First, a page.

Concept Plans can be formally approved through a SDCI/OPCD/SDOT Joint Director’s Rule. The Proponent develops a Street Design Concept Plan.
Proposal of Preliminary Concept Plan
The Proponent proposes the preliminary concept to City.
Proponent attends a pre-application conference with staff from SDOT, SDCI, OPCD, SPU and DON (if appropriate) to describe the vision for the Concept Plan and get input as to whether the proposal is feasible. In some cases, staff from other departments may need to be involved in making the final decision as to whether the concept proposed is feasible. In these instances, a final determination of whether the applicant should develop the Concept Plan will be made in writing within 30 days of the pre-application conference.
Develop Concept Plan
The Proponent develops Street Design Concept Plan.
City Review of Concept Plan
SDOT, in consultation with SDCI and OPCD, reviews the Concept Plan and describes the modifications or conditions that need to be met for City approval.
Proponent Revises Concept Plan as Requested by City
The Proponent modifies Concept Plan and re-submits to SDOT for final review and approval. SDOT will consult with applicable Departments and agencies before a decision is made.
Approval by OPCD/SDOT Joint Director’s Rule
SDOT and OPCD approve the Concept Plan by Joint Director’s Rule. The Joint Director’s Rule process has requirements for completion including listing the proposed design concept Rule in the Daily Journal of Commerce (DJC) and providing a 14 day appeal period prior to approval. The Rule must also be approved by the OPCD and SDOT Directors. Once approved, the Concept Plan is appended to this Manual and listed in List of Approved Street Design Concept Plans.
Summary of Approval Conditions
If a Concept Plan is approved by the City through a Joint OPCD/SDOT Director’s Rule, then the following applies:
- SDOT has agreed that the proposals described are appropriate for the street or streets defined.
- SDOT and OPCD have determined the vision for the streetscape and features described in the Concept Plan are consistent with a recognized community or City sponsored plan for the area.
- The Concept Plan has had an appropriate level of review by SDOT and OPCD and by other interested stakeholders.
- Once approved, the Concept Plan will be appended to this Manual and made available through this website. These actions will maintain a record of the proposed improvements, so that as new development proposals come forward within an area covered by a Concept Plan, the City can strongly encourage that the plan be followed.
- Improvements on streets that have an adopted Concept Plan may be implemented at one time, or over a longer period of time by multiple development or street right-of-way improvement projects.
- Preparation of a Concept Plan is encouraged for projects that are located on a designated Green Street or Neighborhood Green Street (refer to Green Streets).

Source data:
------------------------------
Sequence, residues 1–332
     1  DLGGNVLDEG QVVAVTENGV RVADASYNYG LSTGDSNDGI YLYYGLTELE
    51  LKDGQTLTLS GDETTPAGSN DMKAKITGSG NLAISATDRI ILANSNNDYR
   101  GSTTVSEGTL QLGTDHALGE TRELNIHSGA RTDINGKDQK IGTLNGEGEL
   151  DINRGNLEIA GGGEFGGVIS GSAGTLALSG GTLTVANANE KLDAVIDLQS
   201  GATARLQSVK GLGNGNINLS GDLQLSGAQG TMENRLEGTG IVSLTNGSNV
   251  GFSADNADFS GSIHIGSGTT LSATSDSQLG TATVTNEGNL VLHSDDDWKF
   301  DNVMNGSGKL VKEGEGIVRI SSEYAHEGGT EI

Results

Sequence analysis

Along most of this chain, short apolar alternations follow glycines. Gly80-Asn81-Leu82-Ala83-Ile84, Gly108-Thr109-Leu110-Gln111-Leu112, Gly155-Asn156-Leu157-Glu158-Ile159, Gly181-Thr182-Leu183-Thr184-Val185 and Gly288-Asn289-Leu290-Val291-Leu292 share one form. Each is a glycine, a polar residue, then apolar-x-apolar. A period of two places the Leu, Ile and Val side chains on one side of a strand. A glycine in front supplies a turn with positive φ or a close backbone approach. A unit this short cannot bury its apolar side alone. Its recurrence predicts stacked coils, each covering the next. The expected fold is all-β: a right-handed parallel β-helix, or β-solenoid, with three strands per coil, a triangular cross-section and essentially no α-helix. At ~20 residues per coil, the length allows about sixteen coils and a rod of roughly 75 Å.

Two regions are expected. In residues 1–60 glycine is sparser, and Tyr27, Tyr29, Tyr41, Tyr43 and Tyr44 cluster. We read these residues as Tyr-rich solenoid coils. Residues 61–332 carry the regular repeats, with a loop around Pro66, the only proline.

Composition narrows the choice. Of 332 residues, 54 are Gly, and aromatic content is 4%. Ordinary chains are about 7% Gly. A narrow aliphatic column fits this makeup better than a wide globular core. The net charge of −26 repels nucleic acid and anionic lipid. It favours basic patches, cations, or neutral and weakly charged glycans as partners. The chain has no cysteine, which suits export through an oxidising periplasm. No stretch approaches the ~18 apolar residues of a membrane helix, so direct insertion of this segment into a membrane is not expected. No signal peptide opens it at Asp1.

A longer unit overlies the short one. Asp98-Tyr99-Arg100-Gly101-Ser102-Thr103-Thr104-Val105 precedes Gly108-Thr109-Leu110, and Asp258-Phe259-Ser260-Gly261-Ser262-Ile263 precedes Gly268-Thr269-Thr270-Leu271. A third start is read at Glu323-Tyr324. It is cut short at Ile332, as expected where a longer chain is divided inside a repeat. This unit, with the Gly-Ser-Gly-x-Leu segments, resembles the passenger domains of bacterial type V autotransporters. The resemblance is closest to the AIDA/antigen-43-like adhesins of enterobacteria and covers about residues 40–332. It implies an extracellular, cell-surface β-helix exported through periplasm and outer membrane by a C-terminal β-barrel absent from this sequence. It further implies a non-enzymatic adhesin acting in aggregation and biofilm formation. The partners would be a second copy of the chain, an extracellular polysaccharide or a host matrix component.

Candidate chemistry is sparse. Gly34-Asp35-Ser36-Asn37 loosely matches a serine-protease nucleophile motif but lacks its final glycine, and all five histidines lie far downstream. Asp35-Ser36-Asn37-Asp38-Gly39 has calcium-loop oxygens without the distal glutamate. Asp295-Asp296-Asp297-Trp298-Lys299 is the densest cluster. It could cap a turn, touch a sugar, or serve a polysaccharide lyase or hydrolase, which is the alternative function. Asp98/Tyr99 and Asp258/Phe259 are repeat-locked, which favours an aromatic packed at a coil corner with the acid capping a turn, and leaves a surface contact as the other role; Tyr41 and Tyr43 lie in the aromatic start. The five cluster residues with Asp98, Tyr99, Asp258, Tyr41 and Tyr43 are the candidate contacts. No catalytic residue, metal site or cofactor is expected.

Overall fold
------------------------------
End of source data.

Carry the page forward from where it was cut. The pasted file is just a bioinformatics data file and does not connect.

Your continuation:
- Asset Management of any street right-of-way improvements that are beyond City standards is the responsibility of the property owners unless otherwise negotiated with SDOT. View more information about maintenance agreements related to streetscape improvements in Maintenance.
Key SDOT Considerations in Review of Street Design Concept Plans
Enhancements to the streetscape such as special paving treatments and street furnishings can contribute to the experience for pedestrians and help define neighborhood character. Well-designed streetscapes can support activities in neighborhood business districts, and make walking an attractive choice for getting around the city. SDOT recognizes and supports the range of benefits a well-designed streetscape provides for all pedestrians, including people with disabilities. For these reasons, SDOT reviews streetscape design elements very carefully to ensure that all of the materials, dimensions and design elements meet safety and accessibility requirements.
In addition to the aesthetic and practical benefits of a well-designed streetscape, SDOT must meet state and national safety and access standards for streetscape design. SDOT and SDCI are working together to better coordinate SDOT’s early involvement and guidance with the design review process. The information below describes the key issues that SDOT street use permit reviewers and engineers must consider when reviewing streetscape designs:
Use of Materials
Pavement materials must comply with standards established by the Americans with Disabilities Act (ADA) for public safety.
Minimum Sidewalk Width, Areas Free of Obstructions
ADA requires a minimum of five feet of clear sidewalk space for two people in wheel chairs to pass one another. The street types depicted in this Manual specify the minimum sidewalk width requirements for the pedestrian clear zone, frontage zone and landscape/furniture zone.
Curb space to accommodate bike lanes, parking, loading zones, transit zones, and other street elements is in very high demand in Seattle neighborhoods. Space for wider than standard sidewalks and planting strips affords the opportunity meet many City and neighborhood goals, including the need for on-street parking. Trade-offs are often necessary among the numerous uses competing for limited amounts of curb space. Transit system needs, including bus zones, must be accommodated to support quick and reliable transit service throughout the city. Get more information about curb space uses. Refer to the City of Seattle’s Comprehensive Plan priorities for curb space uses.